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Consequently, the place of contracting is where the acceptance is heard and not where the acceptance is spoken. 1 Williston, op. cit. supra, § 82A; Restatement, Contracts, § 65 (1932). While we agree that this analysis represents a sound theoretical view, the reported cases which consider this issue are uniform in holding that by analogy to the situations in which acceptance is mailed or telegraphed, an acceptance by telephone is effective, and a contract is created at the place where the acceptor speaks. See Trinity Universal Ins. Co. v. Mills, 293 Ky. 463, 169 S.W.2nd 311, 314 (1943); United States v. Bushwick Mills, 165 F.2d 198, 202 (2nd cir. 1947); Cardon v. Hampton, 21 Ala. App. 438, 109 So. 176, 177 (1926); Bank of Yolo v. Sperry Flour co., 141 Cal. 314, 74 Pac. 855 (1903); Ward Mfg. Co. v. Miley, 131 Cal.App.2d 603, 281 P.2d 343, 348 (1955); Pearson v. Electric Service Co., 166 Kan. 300, 201 P.2d 643, 644 (1949); Dudley A. Tyng & Co. v. Converse, 180 Mich. 195, 146 N.W. 629, 630-631 (1914); Traders Oil Mill Co. v. Arnold Bros. Gin Co., 225 S.W.2nd 1011 (Tex. Civ. App. 1949). See also 2 Beale, op. cit. supra, § 326.2; Restatement, Conflict of Laws, supra, § 326, comment c. In fact, where the federal courts are charged with the duty of applying Pennsylvania law they have reached this conclusion. See Rothenberg v. Rothstein & Sons, 181 F.2d 345, 346 (3rd cir. 1950); Macias v. Klein, 106 F.Supp. 107, 109 n. 5 (D.C. W.D. Pa. 1952).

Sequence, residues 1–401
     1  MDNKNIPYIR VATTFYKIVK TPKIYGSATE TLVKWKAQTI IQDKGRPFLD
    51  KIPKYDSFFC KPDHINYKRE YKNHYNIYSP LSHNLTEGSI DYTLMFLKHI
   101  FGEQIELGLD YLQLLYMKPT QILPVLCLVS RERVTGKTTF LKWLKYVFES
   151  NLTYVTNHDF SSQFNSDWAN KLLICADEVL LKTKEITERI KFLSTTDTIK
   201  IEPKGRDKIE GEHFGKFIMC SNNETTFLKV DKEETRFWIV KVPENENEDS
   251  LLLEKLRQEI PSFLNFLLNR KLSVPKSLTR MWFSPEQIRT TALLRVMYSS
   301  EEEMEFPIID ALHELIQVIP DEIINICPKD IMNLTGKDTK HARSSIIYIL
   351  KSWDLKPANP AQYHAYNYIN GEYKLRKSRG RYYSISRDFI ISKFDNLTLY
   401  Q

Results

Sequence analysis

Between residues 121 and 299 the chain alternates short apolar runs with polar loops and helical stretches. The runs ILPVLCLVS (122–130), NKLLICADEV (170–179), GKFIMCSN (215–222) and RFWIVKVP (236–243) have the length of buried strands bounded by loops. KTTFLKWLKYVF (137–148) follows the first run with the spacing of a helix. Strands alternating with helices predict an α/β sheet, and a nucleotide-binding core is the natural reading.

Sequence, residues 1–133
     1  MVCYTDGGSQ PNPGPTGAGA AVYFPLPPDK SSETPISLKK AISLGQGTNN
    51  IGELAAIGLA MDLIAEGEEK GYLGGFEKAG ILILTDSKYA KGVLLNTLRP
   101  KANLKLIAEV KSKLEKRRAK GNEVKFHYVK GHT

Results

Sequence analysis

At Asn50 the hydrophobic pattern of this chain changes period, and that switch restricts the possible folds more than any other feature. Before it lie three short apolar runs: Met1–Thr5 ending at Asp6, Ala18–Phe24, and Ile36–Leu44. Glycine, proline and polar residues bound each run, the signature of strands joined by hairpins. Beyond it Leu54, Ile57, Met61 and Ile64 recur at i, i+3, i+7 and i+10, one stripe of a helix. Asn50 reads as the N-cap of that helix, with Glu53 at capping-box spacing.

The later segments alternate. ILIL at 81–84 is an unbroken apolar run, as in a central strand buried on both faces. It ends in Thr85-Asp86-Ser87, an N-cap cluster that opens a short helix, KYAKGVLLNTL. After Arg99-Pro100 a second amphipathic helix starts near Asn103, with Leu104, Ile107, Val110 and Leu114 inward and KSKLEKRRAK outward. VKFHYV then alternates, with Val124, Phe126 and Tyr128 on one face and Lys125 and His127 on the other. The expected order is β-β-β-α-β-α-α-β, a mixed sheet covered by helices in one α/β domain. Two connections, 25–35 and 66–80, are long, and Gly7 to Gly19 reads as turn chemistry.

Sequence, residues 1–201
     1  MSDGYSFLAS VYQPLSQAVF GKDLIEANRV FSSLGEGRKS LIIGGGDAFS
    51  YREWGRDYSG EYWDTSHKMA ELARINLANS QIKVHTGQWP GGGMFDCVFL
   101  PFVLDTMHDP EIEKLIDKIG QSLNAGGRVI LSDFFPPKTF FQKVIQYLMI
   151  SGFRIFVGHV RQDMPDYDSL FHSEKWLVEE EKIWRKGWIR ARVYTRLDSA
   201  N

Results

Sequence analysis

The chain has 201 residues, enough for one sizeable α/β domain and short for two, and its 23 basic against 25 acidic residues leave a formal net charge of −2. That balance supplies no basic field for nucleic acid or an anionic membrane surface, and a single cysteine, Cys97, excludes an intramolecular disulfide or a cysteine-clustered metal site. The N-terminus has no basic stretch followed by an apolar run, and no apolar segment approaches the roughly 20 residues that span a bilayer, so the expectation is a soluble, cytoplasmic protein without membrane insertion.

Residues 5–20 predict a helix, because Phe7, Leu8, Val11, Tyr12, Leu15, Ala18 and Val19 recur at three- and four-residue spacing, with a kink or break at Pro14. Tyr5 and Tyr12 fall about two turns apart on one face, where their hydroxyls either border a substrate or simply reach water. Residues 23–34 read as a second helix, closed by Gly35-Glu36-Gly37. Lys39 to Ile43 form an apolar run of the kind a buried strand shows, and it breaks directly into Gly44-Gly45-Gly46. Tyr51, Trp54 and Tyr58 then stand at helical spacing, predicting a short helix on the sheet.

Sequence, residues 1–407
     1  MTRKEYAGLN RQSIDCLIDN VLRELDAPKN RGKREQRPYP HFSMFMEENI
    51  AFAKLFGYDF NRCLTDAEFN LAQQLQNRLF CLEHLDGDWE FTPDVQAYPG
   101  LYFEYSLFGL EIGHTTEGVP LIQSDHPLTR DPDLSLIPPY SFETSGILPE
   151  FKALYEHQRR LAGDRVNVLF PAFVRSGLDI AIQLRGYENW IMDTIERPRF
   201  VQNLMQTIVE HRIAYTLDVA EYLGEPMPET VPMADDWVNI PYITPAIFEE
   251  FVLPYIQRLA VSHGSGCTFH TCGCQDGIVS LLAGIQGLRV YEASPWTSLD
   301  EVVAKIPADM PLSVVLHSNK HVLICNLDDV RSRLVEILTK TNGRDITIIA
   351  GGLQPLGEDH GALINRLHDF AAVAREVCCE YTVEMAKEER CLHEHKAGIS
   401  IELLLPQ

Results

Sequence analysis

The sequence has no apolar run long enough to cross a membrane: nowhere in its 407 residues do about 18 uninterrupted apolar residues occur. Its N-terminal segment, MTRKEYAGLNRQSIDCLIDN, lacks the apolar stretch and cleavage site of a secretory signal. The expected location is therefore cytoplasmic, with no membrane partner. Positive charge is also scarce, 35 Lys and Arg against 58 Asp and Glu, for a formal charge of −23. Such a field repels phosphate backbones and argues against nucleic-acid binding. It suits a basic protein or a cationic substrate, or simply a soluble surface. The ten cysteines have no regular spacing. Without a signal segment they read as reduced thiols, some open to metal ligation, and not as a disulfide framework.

We believe that in this day of multistate commercial transactions it is particularly desirable that the determination of the place of contracting be the same regardless of the state in which suit is brought. The absence of uniformity makes the rights and liabilities of parties to a contract dependent upon the choice of the state in which suit is instituted and thus encourages "forum-shopping." For this reason we chose to follow